The search for a sense of self: decolonization, popular uprisings and authenticity

The challenging work of a critique that has been directed inwards has been the core of a maturing process of decolonization – decolonization as a search for an empowered sense of self, for a thought of one’s own, an art of one’s own and a political rule of one’s own. If struggles for independence proved to be arduous and costly, struggles for democracy and human rights proved to be no less onerous and painful. And if political decolonization was difficult and taxing, intellectual and cultural decolonization were no less exigent and tricky. In all cases, it has been a grueling journey and a learning process that required at some point turning the gaze inward and the examination of past modes of action and thought.

This can be witnessed not only in the Arab world, but also in other parts of the post-colonial world, such as in Africa, Latin America and India, where the notion of authenticity, standing for that sense of self, was subjected to critical re-examination, especially in light of the abuses that it lent itself to in the form of jingoism and essentialism. I think of Senghor’s “négritude” that was to designate the specificity of “the” African “nature,” combining emotionality with sensuality, and distinguishing itself radically from “the” European “nature.” “Négritude” was supposed to express the authentic African self. Since then, this notion was subjected to heated debates among African thinkers, among them Paulin Hountondji, who offered a critical deconstruction of it.

Sartre summarized the whole post-colonial tension between self-affirmation and authenticity on the one hand and freedom and critique on the other in his famous preface to an anthology of black poetry entitled “Orphée noir.” Parallel discussions of authenticity are also found in the Latin American spheres, led by thinkers such as Leopold Zea and Octavio Paz from Mexico, Ofelia Schutte from Cuba, and Roberto Schwarz from Brazil. Similar voices can be heard from India, like those of Ashis Nandy, Chandra Mohanty and Uma Narayan.

The voluntaristic realization of the nationalistic project, often understood in authoritarian and homogenizing terms, revealed the difficulty of accomplishing independence and democracy. The anti-colonial struggle, the reaction against the definitions of the self imposed by the colonial other, often led to excesses of self-glorification and / or self-denigration that were not easy to overcome. Much evil was done in the name of authenticity by way of a fanatic and also narrow nativism and obscurantism. Recovering a balanced, healthy and empowering sense of self has not been an easy task.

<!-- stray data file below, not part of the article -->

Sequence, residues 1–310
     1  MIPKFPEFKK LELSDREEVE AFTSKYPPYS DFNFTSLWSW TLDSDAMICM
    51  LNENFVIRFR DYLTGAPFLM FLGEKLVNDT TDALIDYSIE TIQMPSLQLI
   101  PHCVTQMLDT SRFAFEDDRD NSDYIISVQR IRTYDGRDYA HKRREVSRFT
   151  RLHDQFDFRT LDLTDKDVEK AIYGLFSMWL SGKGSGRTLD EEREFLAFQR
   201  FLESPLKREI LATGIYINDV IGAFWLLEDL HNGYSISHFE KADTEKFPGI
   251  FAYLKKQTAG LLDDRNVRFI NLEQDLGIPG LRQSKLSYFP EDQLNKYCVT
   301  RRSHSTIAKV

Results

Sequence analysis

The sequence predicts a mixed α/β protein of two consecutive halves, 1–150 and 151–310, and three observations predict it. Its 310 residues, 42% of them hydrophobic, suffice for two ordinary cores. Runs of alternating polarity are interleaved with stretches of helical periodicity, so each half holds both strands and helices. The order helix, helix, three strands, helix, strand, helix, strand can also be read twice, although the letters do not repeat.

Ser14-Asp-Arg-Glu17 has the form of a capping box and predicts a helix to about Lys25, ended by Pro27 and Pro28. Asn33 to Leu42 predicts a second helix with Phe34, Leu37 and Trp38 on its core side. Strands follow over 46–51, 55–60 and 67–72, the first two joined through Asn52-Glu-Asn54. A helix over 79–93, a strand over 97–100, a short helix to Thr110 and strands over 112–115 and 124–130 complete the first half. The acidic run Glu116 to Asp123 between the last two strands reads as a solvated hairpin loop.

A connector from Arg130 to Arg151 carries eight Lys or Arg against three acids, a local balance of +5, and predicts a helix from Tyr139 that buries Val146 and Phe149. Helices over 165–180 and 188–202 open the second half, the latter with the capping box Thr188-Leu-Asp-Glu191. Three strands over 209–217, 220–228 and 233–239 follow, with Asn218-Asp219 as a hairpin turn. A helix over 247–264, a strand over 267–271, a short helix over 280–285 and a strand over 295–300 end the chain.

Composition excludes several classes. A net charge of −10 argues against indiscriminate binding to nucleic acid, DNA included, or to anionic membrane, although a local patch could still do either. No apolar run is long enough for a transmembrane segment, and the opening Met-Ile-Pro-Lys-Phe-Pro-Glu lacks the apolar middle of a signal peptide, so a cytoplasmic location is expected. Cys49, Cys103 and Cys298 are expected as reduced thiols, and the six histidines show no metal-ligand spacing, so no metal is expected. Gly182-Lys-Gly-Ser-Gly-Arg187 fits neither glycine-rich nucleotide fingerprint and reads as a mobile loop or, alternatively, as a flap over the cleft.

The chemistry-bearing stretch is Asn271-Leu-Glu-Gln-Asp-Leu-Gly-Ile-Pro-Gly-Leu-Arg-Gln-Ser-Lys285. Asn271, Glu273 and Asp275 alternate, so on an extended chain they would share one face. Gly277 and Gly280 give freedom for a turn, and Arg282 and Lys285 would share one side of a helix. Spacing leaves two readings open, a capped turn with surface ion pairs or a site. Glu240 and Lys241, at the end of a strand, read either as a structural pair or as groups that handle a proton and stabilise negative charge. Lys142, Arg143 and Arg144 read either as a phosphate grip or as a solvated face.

In most post-colonial contexts, unsuccessful attempts at reaching such a sense have given way to an inward-looking self-reflection that has on the one hand problematized the indigenous as well as the authentic and the traditional instead of taking them for granted, and critically re-considered on the other hand the notions of modernity and universality.

This self-reflection has produced a complex and mature post-colonial thought, across regions, religions, races and ethnic background. Much of it has been played out in the arts, in which post-colonial artists, including Arab artists, have on the one hand expressed a deep-rootedness in their cultural backgrounds and the lived experiences and concerns of their life-worlds, and on the other hand a wide openness to, and critical appropriation of, arts and cultures around the world. Their works are no longer anxious to measure up to the Western “original,” or “reference,” nor are they aimed at “representing the native.” They speak for “themselves”, anchored in a local world among others. Of course, the lures of the market, especially the ones that developed in the recent years in the rich Gulf countries, challenge further the endeavor and survival of these artists. But then this is another story for another time.


© Elizabeth Suzanne Kassab studied philosophy at American University of Beirut, and continued her graduate studies in philosophy at Fribourg University in Switzerland. Her overall interest has been the philosophy of culture, both Western and non-Western, with a particular focus on post-colonial debates on cultural malaise, authenticity and critique. Her book Modern Arab Thought: Cultural Critique in Comparative Perspective was published in 2009 by Columbia University Press. She is currently working on her forthcoming new book on the theme of “Revolutions and Enlightenment in the Arab World”.

This article, “The Arab quest for empowerment: A thought of one’s own, a government of one’s own, and art of one’s own” first appeared in Newsletter 122 – Project 1975, Stedelijk Museum Amsterdam Bureau, in June 2011, pp 5-10, and is reproduced on Ekklesia with grateful acknowledgment.

Also by Elizabeth Kassab on Ekklesia: 'Critical Arab thinking and cultural malaise' -